Transparency and Informed Consent

The Internet has fundamentally changed our relationship with information, which has, among other things, resulted in a rapid expansion of recognition of the right to information and a growing consumer demand for openness on the part of intermediaries. Where users’ personal information is being stored and processed, there is also a broadly recognised right to track how this is being done.

It has now become relatively common among major tech firms to publish transparency reports, though there are vast differences in the amount of information disclosed. Terms of service are another key avenue for outreach. The lack of attention that users typically pay to these is troubling given that these terms serve as the legal basis for the relationship between the company and its users. The fact that users so rarely pay attention to terms of service gives companies a licence to draft these terms incredibly broadly and/or vaguely or even, in some cases, in a deliberately misleading manner. This has resulted in a situation where, in many cases, it is difficult for even a careful reader to deduce the practical implications of terms of service:

Recommendations for Private Sector Online Intermediaries:

Transparency Reporting

  • Intermediaries should produce regular transparency reports which include, at a minimum:
    • Statistics on the number of takedown requests received, broken down by category of request, by type of requester, by the date and subject of the request, and by the location of the requester.
    • Statistics on the number of requests received for information about users, broken down by category, by type of requester, by date and by the location of the requester.
    • Information about actions intermediaries have taken proactively to enforce their terms of service, including statistics about material removed and accounts deleted.
  • Intermediaries should publish detailed information about their procedures for responding to requests from law enforcement agencies, as well as their procedures for processing other government requests to restrict content, block services or deactivate accounts.

 Terms of Service

  • Intermediaries should take steps to ensure that their terms of service are clear to users, for example by publishing clear, concise and easy to understand summaries or explanatory guides.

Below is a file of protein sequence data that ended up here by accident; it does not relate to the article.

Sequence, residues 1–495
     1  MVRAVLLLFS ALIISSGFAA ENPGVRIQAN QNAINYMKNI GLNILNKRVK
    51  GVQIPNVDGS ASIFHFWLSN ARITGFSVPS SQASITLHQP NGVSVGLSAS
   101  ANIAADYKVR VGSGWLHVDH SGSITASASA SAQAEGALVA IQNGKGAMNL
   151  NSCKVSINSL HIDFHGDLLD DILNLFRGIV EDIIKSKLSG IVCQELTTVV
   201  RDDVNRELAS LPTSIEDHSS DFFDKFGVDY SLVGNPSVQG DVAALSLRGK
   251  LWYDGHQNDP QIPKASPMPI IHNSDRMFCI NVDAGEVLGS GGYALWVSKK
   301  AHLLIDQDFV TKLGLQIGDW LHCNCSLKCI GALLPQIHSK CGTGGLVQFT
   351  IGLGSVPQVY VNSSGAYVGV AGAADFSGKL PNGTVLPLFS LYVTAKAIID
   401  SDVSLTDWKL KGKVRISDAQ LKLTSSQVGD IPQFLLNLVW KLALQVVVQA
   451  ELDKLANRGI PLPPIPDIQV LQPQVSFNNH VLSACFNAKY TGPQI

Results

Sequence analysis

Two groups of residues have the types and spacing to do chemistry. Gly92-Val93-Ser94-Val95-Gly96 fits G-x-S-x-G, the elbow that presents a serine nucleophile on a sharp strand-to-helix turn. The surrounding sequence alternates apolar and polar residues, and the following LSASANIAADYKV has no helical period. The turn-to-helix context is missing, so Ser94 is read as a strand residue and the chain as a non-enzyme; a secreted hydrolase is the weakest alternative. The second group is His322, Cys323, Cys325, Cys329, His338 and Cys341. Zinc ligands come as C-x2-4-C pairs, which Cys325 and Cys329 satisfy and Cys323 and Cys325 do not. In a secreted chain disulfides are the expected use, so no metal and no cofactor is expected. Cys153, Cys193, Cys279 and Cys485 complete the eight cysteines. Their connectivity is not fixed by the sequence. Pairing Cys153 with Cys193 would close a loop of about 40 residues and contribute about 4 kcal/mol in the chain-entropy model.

• Intermediaries should publish their terms of service in each of the languages in which they offer services, and post this information prominently on their website.
  • Intermediaries should support initiatives which aim to enhance understanding of their terms of service, such as “Terms of Service; Didn’t Read”, and implement measures to try to get users actually to read them.
  • Intermediaries should consult with users prior to major amendments to their terms of service, notify users of amendments to their terms of service and make previous versions available online so that users can assess the changes.
  • Intermediaries should provide reasonable avenues of engagement for users seeking clarification of their terms of service and allow users to propose changes.

Other Issues

  • Intermediaries should publish information about how their terms of service apply in different jurisdictions.
  • Intermediaries should challenge legal restrictions on what information they can release about takedown and user information requests, and should explore alternative avenues to facilitate disclosure, such as the use of warrant canaries.
  • Intermediaries should not automatically opt their users into new services.
  • Intermediaries should be careful to avoid misleading promotional material, taking into account the rapidly evolving nature of the services that are being offered, which means that it is difficult for established industry meanings and understandings to evolve.

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